LS Lowry’s painting ‘Going to Work,’ has spent much of its life in storage since its creation during the Second World War. Now it has been cleaned and restored to its former colours, this depiction of industrial working life is now on permanent display at IWM North.

Going to Work

Laurence Lowry's painting 'Going to Work.'
© IWM (Art.IWM ART LD 3074)

LS Lowry's iconic painting 'Going to Work,' was commissioned in 1943 at the height of the Second World War by the War Artists Advisory Committee (WAAC).

Heavy industry was playing a crucial role in the war effort and the WAAC wanted to reflect that in their art collection. 

'A huge part of the population was engaged in industry and the commissioning bodies were really keen to get artists to represent it, so that's why Lowry, in particular, was ideal,' says IWM curator, Claire Brenard. 


Filled with all the signature features that have made Lowry such a much-loved artist, 'Going to Work,' is set in front of the Mather & Platt engineering works in Manchester as the crowd of matchstick workers flow into the factory. The white sky and ground, originally thought to be snow, is in fact an evocation of industrial haze. 

At the time, Lowry was paid 25 guineas for the commission and finished 'Going to Work' in three months. Once complete, it went on display a number of times at home and abroad as the WAAC attempted to promote Britain's Second World War effort. 

"A huge part of the population was engaged in industry and the commissioning bodies were really keen to get artists to represent it, so that's why Lowry, in particular, was ideal " - IWM curator, Claire Brenard. 

After the war, IWM helped to relocate many of the 6,000 artworks the WAAC had collected at galleries and institutions around the world. In the process, IWM itself received around 3,000 works of art, including Lowry's 'Going to Work.'

For many years, 'Going to Work,' was stored at IWM London but is now on display for the first time alongside Flora Lion's Building Flying-Boats and Anna Airy's 'The 'L' Press. Forging the Jacket of an 18-inch Gun' will also go on display for the first time, too.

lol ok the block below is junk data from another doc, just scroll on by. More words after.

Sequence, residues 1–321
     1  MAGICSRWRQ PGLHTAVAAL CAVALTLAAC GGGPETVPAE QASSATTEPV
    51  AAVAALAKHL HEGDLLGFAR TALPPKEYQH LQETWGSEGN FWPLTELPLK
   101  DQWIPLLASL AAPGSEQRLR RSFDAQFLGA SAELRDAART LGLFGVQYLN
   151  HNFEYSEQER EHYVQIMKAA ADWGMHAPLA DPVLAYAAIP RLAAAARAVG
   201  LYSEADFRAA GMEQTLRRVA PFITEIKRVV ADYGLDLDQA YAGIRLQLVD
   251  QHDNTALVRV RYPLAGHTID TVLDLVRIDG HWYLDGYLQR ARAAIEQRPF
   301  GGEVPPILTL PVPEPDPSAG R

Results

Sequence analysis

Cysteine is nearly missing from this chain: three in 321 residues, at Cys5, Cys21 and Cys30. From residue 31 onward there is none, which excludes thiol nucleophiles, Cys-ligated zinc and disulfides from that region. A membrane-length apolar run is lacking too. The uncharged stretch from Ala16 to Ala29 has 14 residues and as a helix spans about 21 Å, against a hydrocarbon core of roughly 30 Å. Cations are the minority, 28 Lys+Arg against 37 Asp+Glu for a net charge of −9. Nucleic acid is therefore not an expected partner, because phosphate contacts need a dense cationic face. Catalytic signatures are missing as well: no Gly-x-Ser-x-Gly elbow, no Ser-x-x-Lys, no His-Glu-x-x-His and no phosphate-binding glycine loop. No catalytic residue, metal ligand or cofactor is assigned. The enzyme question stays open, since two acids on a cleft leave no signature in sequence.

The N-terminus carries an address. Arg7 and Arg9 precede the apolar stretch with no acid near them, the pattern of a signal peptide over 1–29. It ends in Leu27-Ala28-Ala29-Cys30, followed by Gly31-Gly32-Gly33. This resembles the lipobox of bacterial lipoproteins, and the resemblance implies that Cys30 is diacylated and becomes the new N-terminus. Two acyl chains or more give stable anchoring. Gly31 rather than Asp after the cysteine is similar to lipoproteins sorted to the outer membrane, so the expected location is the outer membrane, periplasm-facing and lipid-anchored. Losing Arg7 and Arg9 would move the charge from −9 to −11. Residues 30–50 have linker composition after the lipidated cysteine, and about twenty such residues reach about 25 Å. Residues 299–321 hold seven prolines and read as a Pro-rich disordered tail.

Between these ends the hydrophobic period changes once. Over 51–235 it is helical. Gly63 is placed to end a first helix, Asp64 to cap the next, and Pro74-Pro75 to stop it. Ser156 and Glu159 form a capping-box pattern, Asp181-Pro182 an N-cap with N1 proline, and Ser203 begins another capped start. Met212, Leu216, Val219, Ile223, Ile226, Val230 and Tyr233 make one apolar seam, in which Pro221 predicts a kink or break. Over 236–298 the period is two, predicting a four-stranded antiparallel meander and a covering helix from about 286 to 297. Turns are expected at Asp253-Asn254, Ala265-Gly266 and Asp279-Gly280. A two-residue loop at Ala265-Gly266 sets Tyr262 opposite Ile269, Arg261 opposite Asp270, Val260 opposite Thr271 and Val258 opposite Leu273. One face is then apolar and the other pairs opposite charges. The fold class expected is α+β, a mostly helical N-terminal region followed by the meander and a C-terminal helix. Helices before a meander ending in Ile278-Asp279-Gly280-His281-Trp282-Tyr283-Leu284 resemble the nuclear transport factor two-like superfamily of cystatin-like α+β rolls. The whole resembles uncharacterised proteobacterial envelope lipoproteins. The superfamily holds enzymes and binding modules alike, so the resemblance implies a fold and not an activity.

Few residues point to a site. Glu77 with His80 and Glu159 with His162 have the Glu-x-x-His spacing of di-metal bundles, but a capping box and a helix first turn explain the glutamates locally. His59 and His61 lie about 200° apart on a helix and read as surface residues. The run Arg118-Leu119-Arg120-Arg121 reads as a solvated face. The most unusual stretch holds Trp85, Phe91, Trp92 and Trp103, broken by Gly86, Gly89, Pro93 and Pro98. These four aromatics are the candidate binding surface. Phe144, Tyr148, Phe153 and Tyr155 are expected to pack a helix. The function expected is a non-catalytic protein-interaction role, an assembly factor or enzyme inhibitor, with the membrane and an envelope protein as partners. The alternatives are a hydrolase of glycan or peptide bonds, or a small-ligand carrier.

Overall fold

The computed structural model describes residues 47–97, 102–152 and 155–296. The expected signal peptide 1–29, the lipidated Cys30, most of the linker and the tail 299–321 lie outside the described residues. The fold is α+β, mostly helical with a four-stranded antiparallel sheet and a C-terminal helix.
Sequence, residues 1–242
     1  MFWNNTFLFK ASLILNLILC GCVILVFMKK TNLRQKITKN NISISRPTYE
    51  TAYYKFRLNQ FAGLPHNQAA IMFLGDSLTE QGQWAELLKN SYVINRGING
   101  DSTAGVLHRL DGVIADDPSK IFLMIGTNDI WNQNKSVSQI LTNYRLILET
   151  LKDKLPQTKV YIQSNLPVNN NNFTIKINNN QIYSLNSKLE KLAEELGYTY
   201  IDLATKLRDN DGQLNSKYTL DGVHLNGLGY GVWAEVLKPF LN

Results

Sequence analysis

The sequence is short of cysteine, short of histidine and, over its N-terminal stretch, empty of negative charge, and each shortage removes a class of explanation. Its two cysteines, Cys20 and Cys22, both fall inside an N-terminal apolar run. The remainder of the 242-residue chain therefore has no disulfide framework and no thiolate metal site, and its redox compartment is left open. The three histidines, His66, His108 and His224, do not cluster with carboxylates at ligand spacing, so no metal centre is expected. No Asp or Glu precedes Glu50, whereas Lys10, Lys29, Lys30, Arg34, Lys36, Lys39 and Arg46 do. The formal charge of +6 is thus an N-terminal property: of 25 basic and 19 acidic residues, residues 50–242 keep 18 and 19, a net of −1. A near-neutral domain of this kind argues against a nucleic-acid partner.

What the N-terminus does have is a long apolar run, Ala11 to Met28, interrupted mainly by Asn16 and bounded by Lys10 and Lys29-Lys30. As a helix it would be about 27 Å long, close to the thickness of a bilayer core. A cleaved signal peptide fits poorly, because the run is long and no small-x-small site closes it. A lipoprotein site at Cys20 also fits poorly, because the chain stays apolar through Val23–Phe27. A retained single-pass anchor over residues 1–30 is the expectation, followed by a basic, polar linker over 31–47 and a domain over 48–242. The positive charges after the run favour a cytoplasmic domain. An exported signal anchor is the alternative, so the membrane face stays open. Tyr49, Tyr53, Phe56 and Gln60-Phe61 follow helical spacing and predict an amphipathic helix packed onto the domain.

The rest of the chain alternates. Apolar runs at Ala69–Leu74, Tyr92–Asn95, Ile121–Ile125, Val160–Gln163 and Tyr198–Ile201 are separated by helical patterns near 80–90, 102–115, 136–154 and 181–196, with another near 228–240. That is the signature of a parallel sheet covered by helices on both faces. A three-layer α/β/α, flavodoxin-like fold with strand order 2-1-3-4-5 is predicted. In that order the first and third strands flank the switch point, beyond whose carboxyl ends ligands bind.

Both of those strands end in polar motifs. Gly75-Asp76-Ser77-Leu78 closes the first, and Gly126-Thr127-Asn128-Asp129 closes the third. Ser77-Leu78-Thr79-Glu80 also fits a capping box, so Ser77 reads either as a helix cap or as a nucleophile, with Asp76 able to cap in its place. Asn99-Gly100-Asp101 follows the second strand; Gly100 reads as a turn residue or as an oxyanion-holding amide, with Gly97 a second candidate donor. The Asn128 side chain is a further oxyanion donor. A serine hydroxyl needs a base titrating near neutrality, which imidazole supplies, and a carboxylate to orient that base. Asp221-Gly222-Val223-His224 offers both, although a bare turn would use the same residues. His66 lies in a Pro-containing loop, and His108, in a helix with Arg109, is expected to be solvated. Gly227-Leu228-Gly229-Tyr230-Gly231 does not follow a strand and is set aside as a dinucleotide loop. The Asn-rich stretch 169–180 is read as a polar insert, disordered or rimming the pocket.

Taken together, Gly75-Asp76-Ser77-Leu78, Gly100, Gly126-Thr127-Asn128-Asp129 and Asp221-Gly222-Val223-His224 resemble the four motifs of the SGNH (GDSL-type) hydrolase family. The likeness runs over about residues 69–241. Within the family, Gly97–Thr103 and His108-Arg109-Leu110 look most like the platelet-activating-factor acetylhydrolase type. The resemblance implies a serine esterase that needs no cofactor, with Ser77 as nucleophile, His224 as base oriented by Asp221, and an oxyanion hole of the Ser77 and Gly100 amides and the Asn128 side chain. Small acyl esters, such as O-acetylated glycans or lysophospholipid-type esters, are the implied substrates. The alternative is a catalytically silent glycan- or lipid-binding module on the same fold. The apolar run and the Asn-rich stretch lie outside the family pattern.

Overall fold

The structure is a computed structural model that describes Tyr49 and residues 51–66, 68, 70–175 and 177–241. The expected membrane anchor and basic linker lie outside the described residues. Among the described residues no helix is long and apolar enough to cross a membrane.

Restoring 'Going to Work'

Claire Brenard: "Laurence Stephen Lowry was born in 1887 and he died in 1976. He was actually born in Stretford which is now part of Greater Manchester, and he lived in Manchester all his life painting scenes mainly in Salford, just across the way from IWM North. He's very famous particularly for his scenes of people going to work, which is the title of this painting, they're going to work. And this is rather typical of his work in that it shows these, sort of, what people call matchstick figures going about their business and crowds on their way to working in the factories. 

"This particular painting came to IWM because it was collected by the War Artists Advisory Committee during the Second World War. Lowry was engaged by the committee in 1943 and the committee were keen to depict industrial scenes, as heavy industry's important part of the war effort. Of course, Lowry was the ideal artist to go and paint in his native Manchester.

Nicoletta Tomassi: "When we conserve a painting we try to understand more about it, so it is a way to learn more about the artist and the painting, and it is useful for us as conservators as well, because we can understand better new methods of material we can use during conservation process. Lowry was quite precise in getting the right white balance in his painting and the white background, and the varnish was yellowing and thus changing the balance of the colours. I found it essential to remove all the varnishing. We have as conservators endless means or tools we can use to do so, so we have to balance the effectiveness and safety of the procedure with what we have in front of us. I use a combination of solvent and hydrocarbon and alcohol applied with a cotton swab and the varnish came off really promptly, and the painting underneath has not been affected at all. So we are now seeing the painting close to the original intention of the artist. 

"When I work on a painting I really feel that I have a connection with the artist because I have the privilege not only to look closely at the painting but to touch it as well, and I can feel the combination of materials and some time I try to understand what was the reasoning behind reaching certain type of effect, or not, and I imagine myself being behind the shoulder of the artist and watching him or her working on that painting, so it's a real privilege."

Claire: "This painting, although has been exhibited a few times not long after it was made, has been in store for most of its life. It's finally coming out now and will go on permanent display in IWM North where it really belongs".

Ahead of its display, the painting has undergone some conservation work. The process included the removal of varnish from the painting, which was added sometime after Lowry created the artwork as Lowry did not varnish his paintings. The varnish had affected the colour balancing of the artwork, adding a yellow hint to the painting. Removing the varnish has revealed the work that Lowry originally intended.

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